“Dear President Pelosi, Leader Schumer and President DeFazio:

We are writing to express our support for the additional emergency disaster funding due to the ramifications of Hurricane Ida and respectfully request that such legislation remove barriers to federal disaster relief caused by documentation issues in the title. We recommend doing this by including the language put forward in HR 3037 – the Major Disaster Survivors Housing Act of 2021, which was recently passed by the Transportation and Infrastructure Committee with bipartisan support.

The consequences of Ida are far-reaching, especially as we mourn the tragic loss of 82 Americans in eight states – a death toll we fear continues to rise. In the aftermath of the natural disaster, New York, Louisiana, New Jersey and Texas deployed substantial resources for critical infrastructure repairs such as restoring electricity, reopening roads, and reclaiming public transportation. . As the country continues to assess the economic damage from the storm, it is estimated that Ida’s total cost could reach $ 95 billion or more.

In identifying this significant impact, compounded by a decade of unprecedented natural disasters and a global pandemic, we must also recognize the obstacles families face as they attempt to rebuild their lives and receive the help they desperately need. . Our constituents have told us that being denied FEMA disaster assistance due to title documentation issues has left them stranded in difficult times searching for safe, stable and affordable housing. In the rural south alone, FEMA rejected up to a quarter of applicants because they cannot document ownership and in Puerto Rico, approximately 77,000 households were denied assistance in the wake of the devastating hurricane Maria for the same problem. As we strive to build back better, it is essential that we modernize our disaster relief programs to ensure that every family gets the help they need.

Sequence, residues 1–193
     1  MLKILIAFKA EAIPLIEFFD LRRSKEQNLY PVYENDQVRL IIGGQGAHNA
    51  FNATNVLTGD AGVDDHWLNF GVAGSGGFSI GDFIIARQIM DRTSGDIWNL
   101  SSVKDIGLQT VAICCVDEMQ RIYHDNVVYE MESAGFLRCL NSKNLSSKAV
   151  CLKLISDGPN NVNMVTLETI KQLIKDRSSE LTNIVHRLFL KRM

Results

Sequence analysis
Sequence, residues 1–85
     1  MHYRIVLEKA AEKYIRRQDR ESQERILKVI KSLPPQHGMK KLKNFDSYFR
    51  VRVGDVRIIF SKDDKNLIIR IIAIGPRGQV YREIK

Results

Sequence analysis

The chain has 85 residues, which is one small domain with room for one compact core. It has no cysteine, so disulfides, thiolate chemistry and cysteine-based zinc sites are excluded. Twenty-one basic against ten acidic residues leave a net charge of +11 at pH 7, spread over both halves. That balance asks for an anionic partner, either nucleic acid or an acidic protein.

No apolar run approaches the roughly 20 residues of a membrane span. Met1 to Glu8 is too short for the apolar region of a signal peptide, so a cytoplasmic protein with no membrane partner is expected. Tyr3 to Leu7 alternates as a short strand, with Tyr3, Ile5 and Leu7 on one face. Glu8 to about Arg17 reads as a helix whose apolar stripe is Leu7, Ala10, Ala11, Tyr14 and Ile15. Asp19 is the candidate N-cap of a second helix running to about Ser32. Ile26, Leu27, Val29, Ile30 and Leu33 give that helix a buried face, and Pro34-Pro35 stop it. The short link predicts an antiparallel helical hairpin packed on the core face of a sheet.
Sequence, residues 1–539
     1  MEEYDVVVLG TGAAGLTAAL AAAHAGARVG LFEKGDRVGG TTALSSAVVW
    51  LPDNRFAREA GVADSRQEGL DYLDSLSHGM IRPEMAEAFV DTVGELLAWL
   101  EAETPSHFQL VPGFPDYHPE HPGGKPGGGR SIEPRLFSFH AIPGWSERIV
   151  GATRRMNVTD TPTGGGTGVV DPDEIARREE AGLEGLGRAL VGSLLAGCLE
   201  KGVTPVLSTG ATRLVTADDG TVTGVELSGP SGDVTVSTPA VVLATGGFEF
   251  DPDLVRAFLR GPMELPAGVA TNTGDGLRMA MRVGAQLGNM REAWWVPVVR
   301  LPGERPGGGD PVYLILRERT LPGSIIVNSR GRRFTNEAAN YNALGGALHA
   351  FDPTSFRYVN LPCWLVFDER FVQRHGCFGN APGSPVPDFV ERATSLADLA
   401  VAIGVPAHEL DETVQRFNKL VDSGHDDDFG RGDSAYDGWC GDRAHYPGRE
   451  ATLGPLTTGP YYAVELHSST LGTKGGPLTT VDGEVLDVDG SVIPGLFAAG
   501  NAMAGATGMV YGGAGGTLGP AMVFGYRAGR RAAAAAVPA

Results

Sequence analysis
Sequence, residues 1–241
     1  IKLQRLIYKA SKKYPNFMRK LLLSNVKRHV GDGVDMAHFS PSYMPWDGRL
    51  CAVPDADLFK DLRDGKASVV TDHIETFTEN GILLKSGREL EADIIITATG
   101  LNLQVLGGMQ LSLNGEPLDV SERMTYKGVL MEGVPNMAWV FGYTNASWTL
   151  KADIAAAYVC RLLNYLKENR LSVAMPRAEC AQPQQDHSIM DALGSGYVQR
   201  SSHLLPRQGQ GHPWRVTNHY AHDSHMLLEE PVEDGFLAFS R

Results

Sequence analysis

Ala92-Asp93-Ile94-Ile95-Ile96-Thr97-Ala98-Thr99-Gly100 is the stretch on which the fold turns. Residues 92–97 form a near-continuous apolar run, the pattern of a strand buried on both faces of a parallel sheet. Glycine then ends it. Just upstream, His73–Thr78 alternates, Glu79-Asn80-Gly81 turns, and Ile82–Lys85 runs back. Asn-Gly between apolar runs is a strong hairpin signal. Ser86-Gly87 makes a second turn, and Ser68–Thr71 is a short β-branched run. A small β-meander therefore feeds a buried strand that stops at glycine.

Recently, FEMA modified its Individual Assistance Program and Policy Guide (IAPPG) to allow several forms of documentation to prove ownership. HR 3037 would codify and extend this timely FEMA policy that allows disaster survivors to use a “declaration” form attesting to their ownership of the property or by submitting utility bills, credit card statements , pay stubs and school enrollment. FEMA’s policy applies retroactively to August 23, although HR 3037 extends this period to 2017. These changes ensure that low-income disaster survivors can access the help they need without being forced to undergo a long and complicated title clearing process. or otherwise go unaided.

As we prepare to see more natural disasters triggered by the climate crisis, it is imperative that the aid we provide is inclusive and accessible. HR 3037 – The Major Disaster Survivor Housing Act of 2021 is common sense legislation that modernizes our disaster relief programs and will improve the immediate health and safety of thousands of U.S. citizens across the country. It will allow the federal government to continue to serve low-income people and communities of color who face unimaginable situations after natural disasters. Thank you for your attention to this question. We look forward to working together to address this crisis. “